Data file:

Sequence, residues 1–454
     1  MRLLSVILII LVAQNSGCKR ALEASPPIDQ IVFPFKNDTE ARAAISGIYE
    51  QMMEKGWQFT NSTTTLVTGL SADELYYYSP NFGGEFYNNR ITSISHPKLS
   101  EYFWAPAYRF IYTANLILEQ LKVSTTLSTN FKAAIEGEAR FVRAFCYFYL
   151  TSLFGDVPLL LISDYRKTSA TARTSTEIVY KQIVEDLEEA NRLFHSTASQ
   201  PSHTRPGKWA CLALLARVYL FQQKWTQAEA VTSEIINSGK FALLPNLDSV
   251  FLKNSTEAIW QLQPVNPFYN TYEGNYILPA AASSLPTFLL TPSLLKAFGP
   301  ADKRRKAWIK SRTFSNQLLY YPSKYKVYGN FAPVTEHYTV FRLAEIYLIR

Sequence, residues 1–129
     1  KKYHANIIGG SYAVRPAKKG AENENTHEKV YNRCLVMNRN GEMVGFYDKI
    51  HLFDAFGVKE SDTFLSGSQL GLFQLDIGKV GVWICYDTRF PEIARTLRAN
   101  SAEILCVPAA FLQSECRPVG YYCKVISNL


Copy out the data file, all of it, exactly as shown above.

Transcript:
Sequence, residues 1–454
     1  MRLLSVILII LVAQNSGCKR ALEASPPIDQ IVFPFKNDTE ARAAISGIYE
    51  QMMEKGWQFT NSTTTLVTGL SADELYYYSP NFGGEFYNNR ITSISHPKLS
   101  EYFWAPAYRF IYTANLILEQ LKVSTTLSTN FKAAIEGEAR FVRAFCYFYL
   151  TSLFGDVPLL LISDYRKTSA TARTSTEIVY KQIVEDLEEA NRLFHSTASQ
   201  PSHTRPGKWA CLALLARVYL FQQKWTQAEA VTSEIINSGK FALLPNLDSV
   251  FLKNSTEAIW QLQPVNPFYN TYEGNYILPA AASSLPTFLL TPSLLKAFGP
   301  ADKRRKAWIK SRTFSNQLLY YPSKYKVYGN FAPVTEHYTV FRLAEIYLIR

Sequence, residues 1–129
     1  KKYHANIIGG SYAVRPAKKG AENENTHEKV YNRCLVMNRN GEMVGFYDKI
    51  HLFDAFGVKE SDTFLSGSQL GLFQLDIGKV GVWICYDTRF PEIARTLRAN
   101  SAEILCVPAA FLQSECRPVG YYCKVISNL